As well as songs, the 60s also gave us the first inklings of modern cinema — from which many iconic moments were born.
The Nutty Professor (1963)
Let’s not talk about the Eddie Murphy one, yeah? This comedy classic starring the master Jerry Lewis will always go down as one of my favourite wholesome watches, with the gags and visuals being of a time since gone, and one fun to revisit.
I’ve also picked an absolute classic from the Master of Suspense. For many one of the greatest horror movies ever made, everything from the slasher flick to the violinist has a lot to owe to Psycho. Hitchcock’s expert direction led to some of cinema’s most iconic moments, making a whole generation terrified of the shower, and is still incredibly watchable to this day.
The Jungle Book (1967)
I’m not ashamed to say that I haven’t seen many films from this decade. Mate, I’m 17 years old. But hey, I’ve seen this gem and I’m sure many people well-versed in 60s films would agree that this is at least one of the best to come out of the time period. One of Disney’s finest and a marvel in hand-drawn animation, The Jungle Book, is just, for lack of a better word, lovely. Filled to the brim with wonderful art and catchy li’l tunes, it’s a film that keeps on giving, and is a consistent and entertaining watch throughout. And while that new live action remake was pretty impressive ‘n all, it’s got absolutely nothing on the original.
Doctor Zhivago (1965)
Lawrence Of Arabia (1962)
A cinematic masterpiece.
A Shot In The Dark (1964)
The 60’s saw the rise of one of my favourite comedic actors ever – Peter Sellers – largely thanks to the creation of his most famous character: Inspector Clouseau. This murder mystery comedy is the second outing for the character and unlike the first Pink Panther film it puts him centre-stage and revels in Sellers’ comic genius. Not only is this a fascinating snapshot of the 60’s, as well as a cleverly executed Christie-style mystery, but it is also probably the best film in the franchise.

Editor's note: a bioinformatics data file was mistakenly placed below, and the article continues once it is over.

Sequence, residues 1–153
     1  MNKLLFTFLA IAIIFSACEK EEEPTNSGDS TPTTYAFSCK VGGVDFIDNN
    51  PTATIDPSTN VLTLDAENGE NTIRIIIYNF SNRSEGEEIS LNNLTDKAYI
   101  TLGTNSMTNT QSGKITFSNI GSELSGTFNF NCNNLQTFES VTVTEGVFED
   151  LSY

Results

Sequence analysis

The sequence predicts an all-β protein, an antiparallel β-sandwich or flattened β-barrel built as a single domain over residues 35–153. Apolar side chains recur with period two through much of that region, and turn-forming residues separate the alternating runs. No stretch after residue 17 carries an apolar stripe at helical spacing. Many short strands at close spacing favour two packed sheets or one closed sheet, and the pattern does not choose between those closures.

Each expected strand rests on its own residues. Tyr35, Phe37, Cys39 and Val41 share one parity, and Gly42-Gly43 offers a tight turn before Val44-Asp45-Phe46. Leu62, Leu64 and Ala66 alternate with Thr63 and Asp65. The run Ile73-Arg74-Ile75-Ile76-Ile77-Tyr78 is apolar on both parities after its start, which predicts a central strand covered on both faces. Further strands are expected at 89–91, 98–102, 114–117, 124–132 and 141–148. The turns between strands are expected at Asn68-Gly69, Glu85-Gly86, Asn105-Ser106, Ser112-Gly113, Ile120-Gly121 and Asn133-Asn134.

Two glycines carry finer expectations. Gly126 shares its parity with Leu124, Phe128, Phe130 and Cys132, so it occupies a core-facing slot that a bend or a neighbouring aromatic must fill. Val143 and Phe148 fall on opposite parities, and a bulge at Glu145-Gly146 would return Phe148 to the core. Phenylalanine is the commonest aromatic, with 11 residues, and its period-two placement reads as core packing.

The Good, the Bad and the Ugly (1966)
In a field of tough competition, TGTBATU comes out on top. The best western (not the hotel chain), the best theme tune (Morricone owns this movie) and the best graveyard-based gun battle stand-off you’re likely to ever see.
Barbarella (1968) – One of the ultimate comic-adaptation B-movies. Jane Fonda was equal parts hilarious, gorgeous and courageous. She took on the Orgasmatron, the Leather Men and the Black Queen while flying her 60s shag-piled Pleasure Dome through temporal space. This campy, vampy mess of a film is utterly charming and made by complete perverts.
Peeping Tom (1960) – Perverse and outrageous in its day this serial killer in swinging London turned selfies into snuff movies like some foresight gleaned from a bad trip. Heavy, man.
The Graduate (1967) – Pop music and sadness made Benjamin the poster boy for every outsider kid to come for the next 50 years. It’s like a time capsule from an era I never saw but feel I understand.
Once Upon A Time In The West (1968) – A widescreen, huge-scale Western with a decent budget and a lot of talent on screen and off. Once Upon A Time In The West kickstarted a new kind of Technicolor epic that had all the sweeping grandeur of the 50s/60s studio pictures but added a grit, a realism and bloody violence which would herald in a new kind of cinema. Sergio Leone really was the father of the next generation of classic movies.
2001: A Space Odyssey (1968)
It is hard to believe that 2001: A Space Odyssey was made in 1968. Unravaged by time, the science fiction epic ages better than others in the league, proving that pure ingenuity beats digital imagery any day.
Stay tuned for more Best Thangs of All Time!